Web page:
I ride my push bike a lot and between the pain of hill climbs or high intensity intervals a lot of thoughts slosh between my conscious and subconscious mind. This week it was an issue I picked up about the impact of the government's changes to part of income tax rules, and liability. For the moment this affects contractors working under Public Service Companies (PSCs) for the public sector. 

So, tax, liability, PSCs and the public sector, it was after all a grey morning! But bear with me...

The tax changes can best be summarised as the client becoming liable for the contractors income tax as if they were an employee, so that nullifies the tax "efficiency" of PSCs for public sector work. Here's more detail on the changes.

My first thought was surprise at the number of PSCs serving the public sector. The estimate is some 26,000 nationally, and whilst I'm sure there are many valid reasons for establishing a PSC a whiff of tax avoidance is as hard to ignore, I'm sure others will put me right there.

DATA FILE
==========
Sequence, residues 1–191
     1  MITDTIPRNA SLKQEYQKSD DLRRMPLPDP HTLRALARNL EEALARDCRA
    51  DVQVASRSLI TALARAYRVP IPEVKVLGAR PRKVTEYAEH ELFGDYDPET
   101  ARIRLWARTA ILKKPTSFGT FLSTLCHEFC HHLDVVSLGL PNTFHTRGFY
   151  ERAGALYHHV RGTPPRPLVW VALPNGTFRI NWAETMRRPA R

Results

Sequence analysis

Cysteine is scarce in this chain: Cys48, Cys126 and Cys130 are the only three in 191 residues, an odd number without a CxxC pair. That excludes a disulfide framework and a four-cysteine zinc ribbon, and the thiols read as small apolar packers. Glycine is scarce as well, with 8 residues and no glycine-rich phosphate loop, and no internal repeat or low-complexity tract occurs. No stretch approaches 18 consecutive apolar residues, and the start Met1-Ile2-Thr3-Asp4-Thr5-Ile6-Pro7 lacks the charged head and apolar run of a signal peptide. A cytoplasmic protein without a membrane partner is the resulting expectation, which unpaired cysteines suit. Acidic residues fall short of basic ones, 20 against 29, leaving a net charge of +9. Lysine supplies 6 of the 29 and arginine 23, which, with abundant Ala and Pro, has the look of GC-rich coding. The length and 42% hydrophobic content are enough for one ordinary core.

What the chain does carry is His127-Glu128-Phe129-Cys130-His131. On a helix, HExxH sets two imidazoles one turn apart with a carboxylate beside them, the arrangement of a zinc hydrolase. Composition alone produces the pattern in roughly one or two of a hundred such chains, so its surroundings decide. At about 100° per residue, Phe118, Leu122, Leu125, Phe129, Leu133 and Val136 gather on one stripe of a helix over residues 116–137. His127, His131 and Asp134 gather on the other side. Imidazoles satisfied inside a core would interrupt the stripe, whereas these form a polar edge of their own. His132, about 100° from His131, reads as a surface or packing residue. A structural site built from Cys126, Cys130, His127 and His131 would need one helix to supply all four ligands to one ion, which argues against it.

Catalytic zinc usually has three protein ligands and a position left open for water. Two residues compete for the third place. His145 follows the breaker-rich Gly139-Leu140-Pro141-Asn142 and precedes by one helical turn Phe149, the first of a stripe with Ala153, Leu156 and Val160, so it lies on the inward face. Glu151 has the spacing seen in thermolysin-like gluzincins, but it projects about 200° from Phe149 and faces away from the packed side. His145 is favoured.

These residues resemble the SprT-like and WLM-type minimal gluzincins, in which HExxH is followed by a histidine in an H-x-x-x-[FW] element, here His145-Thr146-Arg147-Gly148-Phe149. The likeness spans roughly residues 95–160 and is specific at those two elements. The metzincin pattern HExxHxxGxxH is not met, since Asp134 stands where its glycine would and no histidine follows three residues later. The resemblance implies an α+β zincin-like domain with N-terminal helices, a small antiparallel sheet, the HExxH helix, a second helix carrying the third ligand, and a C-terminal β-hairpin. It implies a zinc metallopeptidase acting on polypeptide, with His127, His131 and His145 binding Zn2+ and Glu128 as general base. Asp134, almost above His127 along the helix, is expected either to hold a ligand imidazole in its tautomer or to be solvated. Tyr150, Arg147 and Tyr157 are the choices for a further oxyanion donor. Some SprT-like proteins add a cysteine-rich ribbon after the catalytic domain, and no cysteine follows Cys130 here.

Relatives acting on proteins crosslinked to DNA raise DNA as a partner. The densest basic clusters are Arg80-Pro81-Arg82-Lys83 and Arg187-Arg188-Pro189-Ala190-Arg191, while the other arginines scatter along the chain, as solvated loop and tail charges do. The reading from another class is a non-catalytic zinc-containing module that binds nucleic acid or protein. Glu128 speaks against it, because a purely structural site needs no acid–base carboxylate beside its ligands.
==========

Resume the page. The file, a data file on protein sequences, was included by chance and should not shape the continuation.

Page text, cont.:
If a survey of PSCs holds true then some 50% of them will leave the public sector as a result of the likely tax changes. This will lead to a significant contraction in skills available to the sector and because there is still, quite rightly in my opinion, demand for interim staff, fewer operators will lead to higher day rates and less choice for clients.

On the face of it, at Renaisi we might be happy about less competition in one of our business areas and given our social outlook we might also be happy about there being fewer PSCs. However, I strongly doubt that many individual contractors will actually leave the public sector market. I'd expect many, particularly those with technical skills, to move to the large corporate consultancies who'll simply apply their margin to the individual's income expectations.

So, on top of the negative impact of higher cost and less choice the public sector will most likely end up with the triple whammy of hiring the same staff who'll now be operating from within the more systematised corporate offer of the large consultancies.

My final thought on this was that this final impact was a big concern for me. Whilst this corporate offer arguably works well for significant structural or system change I believe it is insufficient for many circumstances. For the kind of work we, and our network of associates, do for local authorities I know that delivery needs to be sensitive to the social and economic context of the organisation, the place and the communities. So, whilst the public sector will lose here so could the businesses and residents in the places we're all trying to improve.